AuPS Logo Programme
Previous Next PDF

Insights into the role and regulation of the Translationally Controlled Tumor Protein in skeletal muscle

C.A. Goodman,1,2,3 A.M. Coenen3 and T.A. Hornberger,3 1Centre for Chronic Disease Prevention and Management, College of Health and Biomedicine, Victoria University, Melbourne, VIC 8001, Australia, 2Institute for Sport, Exercise and Active Living (ISEAL), Victoria University, Melbourne, VIC 8001, Australia and 3Department of Comparative Biosciences, School of Veterinary Medicine, University of Wisconsin-Madison, Madison, WI 53706, USA.

The Translationally Controlled Tumor Protein (TCTP) is up regulated in tumor cells and is stimulated by mitogens/serum. Inhibition of the mechanistic target of rapamycin (mTOR) with rapamycin inhibits serum-stimulated increases in TCTP protein in cultured cells. Recent evidence suggests that TCTP may also indirectly stimulate mTOR by activating the small GTPase, Rheb. This has led to suggestion of the possibility of a positive feedback loop whereby mTOR-dependent increases in TCTP activates Rheb, leading to increased/prolonged mTOR signaling (Kobayashi et al., 2014). In skeletal muscle, such a mechanism could help to explain how acute high-force contractions can promote a highly prolonged activation of mTOR signaling. To date, however, very little is known regarding the regulation and the role of TCTP in skeletal muscle. Therefore, the aims of this study were to determine: 1) whether TCTP protein is up-regulated, in an mTOR-dependent manner during skeletal muscle growth and 2) whether transient in vivo overexpression of TCTP is sufficient to activate mTORC1 signaling, increase protein synthesis and induce skeletal muscle fibre growth in vivo.

All methods were approved by the Institutional Animal Care and Use Committee of the University of Wisconsin-Madison. Female wild type (WT) and transgenic FVB/N mice with human skeletal actin promoter driven expression of a rapamycin-resistant (RR) or rapamycin-resistant kinase dead (RRKD) mutant of mTOR (8–10 wk) were used in this study. Before all surgical procedures, mice were anaesthetized with an intraperitoneal (IP) injection of ketamine (100 mg/kg) and xylazine (10 mg/kg). Vehicle (DMSO) or rapamycin (0.6 mg/kg) solutions were administered via IP injection. Synergist ablation (SA) surgeries, in vivo transfection via electroporation and the measurement of rates of protein synthesis using the SUnSET technique were performed as previously described (Goodman et al., 2011a; Goodman et al., 2011b; Goodman et al., 2013).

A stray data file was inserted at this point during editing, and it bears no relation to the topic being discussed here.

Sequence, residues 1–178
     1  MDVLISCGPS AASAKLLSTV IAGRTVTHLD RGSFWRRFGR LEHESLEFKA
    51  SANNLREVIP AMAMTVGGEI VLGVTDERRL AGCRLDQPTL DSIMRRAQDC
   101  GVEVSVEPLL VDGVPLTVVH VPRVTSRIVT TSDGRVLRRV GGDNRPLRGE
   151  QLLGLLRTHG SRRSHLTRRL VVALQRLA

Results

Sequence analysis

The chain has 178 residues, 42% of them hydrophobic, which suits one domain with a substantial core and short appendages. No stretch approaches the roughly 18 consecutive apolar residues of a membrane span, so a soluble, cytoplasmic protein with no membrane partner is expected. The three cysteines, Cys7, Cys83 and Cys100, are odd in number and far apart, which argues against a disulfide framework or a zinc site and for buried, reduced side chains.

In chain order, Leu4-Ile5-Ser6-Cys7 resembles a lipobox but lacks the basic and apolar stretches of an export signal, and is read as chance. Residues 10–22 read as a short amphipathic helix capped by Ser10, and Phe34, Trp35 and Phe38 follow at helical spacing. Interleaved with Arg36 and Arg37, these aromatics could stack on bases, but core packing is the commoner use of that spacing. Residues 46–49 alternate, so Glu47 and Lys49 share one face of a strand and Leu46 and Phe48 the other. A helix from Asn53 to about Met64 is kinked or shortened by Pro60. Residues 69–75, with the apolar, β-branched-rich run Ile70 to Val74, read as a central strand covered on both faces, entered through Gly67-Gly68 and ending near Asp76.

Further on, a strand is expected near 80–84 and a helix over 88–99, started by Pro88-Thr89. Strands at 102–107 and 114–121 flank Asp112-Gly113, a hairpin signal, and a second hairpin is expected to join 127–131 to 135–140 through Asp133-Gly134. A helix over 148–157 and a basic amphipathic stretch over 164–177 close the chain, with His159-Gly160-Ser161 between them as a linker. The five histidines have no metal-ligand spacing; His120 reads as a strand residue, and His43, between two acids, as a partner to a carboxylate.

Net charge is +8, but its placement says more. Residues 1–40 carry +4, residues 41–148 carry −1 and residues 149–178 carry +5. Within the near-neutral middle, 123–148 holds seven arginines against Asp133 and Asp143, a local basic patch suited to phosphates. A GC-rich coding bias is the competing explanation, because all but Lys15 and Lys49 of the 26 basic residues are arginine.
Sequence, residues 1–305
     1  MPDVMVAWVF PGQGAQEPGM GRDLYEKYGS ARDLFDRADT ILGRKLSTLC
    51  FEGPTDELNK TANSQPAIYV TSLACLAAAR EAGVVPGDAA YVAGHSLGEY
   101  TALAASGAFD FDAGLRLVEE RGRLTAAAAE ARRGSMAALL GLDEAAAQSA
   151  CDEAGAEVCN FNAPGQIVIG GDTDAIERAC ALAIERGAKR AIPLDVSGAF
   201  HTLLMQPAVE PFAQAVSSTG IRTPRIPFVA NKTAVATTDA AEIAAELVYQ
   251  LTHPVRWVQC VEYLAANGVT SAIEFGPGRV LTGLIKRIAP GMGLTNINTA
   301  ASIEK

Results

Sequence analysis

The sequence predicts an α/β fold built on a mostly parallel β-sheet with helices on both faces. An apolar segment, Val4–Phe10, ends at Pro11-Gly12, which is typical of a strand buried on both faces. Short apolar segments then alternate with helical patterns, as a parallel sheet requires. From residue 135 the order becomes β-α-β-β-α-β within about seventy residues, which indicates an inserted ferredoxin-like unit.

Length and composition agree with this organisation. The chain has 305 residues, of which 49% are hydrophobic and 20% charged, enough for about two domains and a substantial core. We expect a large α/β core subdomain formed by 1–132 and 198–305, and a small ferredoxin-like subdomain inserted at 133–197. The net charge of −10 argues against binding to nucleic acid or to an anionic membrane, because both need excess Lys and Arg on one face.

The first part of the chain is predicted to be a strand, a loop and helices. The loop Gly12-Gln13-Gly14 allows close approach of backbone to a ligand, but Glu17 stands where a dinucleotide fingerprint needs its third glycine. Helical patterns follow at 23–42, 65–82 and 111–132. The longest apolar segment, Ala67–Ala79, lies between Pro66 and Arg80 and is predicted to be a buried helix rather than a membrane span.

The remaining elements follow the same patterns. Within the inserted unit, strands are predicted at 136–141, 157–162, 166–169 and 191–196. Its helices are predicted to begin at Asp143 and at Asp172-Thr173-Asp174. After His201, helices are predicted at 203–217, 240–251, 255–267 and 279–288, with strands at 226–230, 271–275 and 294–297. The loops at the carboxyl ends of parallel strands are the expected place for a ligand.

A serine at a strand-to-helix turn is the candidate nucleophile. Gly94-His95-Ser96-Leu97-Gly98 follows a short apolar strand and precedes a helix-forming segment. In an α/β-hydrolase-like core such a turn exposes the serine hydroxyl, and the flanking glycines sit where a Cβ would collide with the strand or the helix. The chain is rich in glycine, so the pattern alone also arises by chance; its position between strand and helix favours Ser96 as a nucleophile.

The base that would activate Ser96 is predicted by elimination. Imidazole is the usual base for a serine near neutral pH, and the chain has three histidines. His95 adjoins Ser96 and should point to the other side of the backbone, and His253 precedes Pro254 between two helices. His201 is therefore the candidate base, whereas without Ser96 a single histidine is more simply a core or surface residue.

Chronic mechanical overload-induced growth led to a 3.4-, 3.3- and 3.7-fold increase in TCTP protein in plantaris muscles from vehicle treated WT, RR and RRKD mice, respectively, compared to their Sham vehicle controls. TCTP protein in muscles from overloaded and rapamycin treated WT mice was ∼33% lower than that in overloaded and vehicle treated muscles. Moreover, rapamycin’s inhibitory effect was rescued in muscles from RR, but not RRKD, mice. Next, tibialis anterior (TA) muscles were co-transfected with GST-tagged p70 S6 kinase 1 (GST p70S6K1), and green fluorescent protein (GFP), HA-tagged Rheb or HA-tagged TCTP. After 3 d, muscles were collected and analyzed by western blot for changes in the phosphorylation of GST P-p70S6K1(389) as a marker of mTOR signaling. Rheb induced a ∼2.6 fold increase in GST-p70S6K1(389) phosphorylation compared to the GFP control; however, TCTP reduced GST-p70S6K1(389) phosphorylation to ∼35% of the GFP control. TA muscles were then transfected with plasmid DNA encoding WT HA-tagged TCTP or a HA-tagged E12V TCTP mutant, which is reported to abolish TCTP’s ability to activate Rheb. Muscles were collected at 7 d post-transfection for measurements of muscle fibre cross-sectional area (CSA) and rates of protein synthesis using the SUnSET technique. The CSA of WT and E12V TCTP positive fibres were 22% and 17% larger, respectively, than non-transfected fibres from the same sections. Rates of protein synthesis in WT and E12V TCTP transfected fibres were 11.1% and 16.6% lower than LacZ transfected control fibres.

In summary, TCTP protein is up regulated during mechanically-induced muscle growth via a mechanism that is, in part, rapamycin-sensitive and mTOR kinase-dependent. TCTP is not sufficient to activate mTOR signaling and, thus, TCTP is unlikely to play a role in a positive feedback loop that involves the activation of the Rheb GTPase in skeletal muscle. Finally, the overexpression of TCTP is sufficient to induce muscle fibre growth that is independent of increases in global rates of protein synthesis.

Goodman CA, Frey JW, Mabrey DM, Jacobs BL, Lincoln HC, You JS, Hornberger TA. (2011a) J Physiol 589, 5485-5501.

Goodman CA, Mabrey DM, Frey JW, Miu MH, Schmidt EK, Pierre P, Hornberger TA. (2011b) FASEB J 25, 1028-1039.

Goodman CA, McNally RM, Hoffmann FM, Hornberger TA. (2013) Mol Endocrinol 27, 1946-1957.

Kobayashi D, Hirayama M, Komohara Y, Mizuguchi S, Wilson Morifuji M, Ihn H, Takeya M, Kuramochi A, Araki N. (2014) J Biol Chem 289, 26314-26326.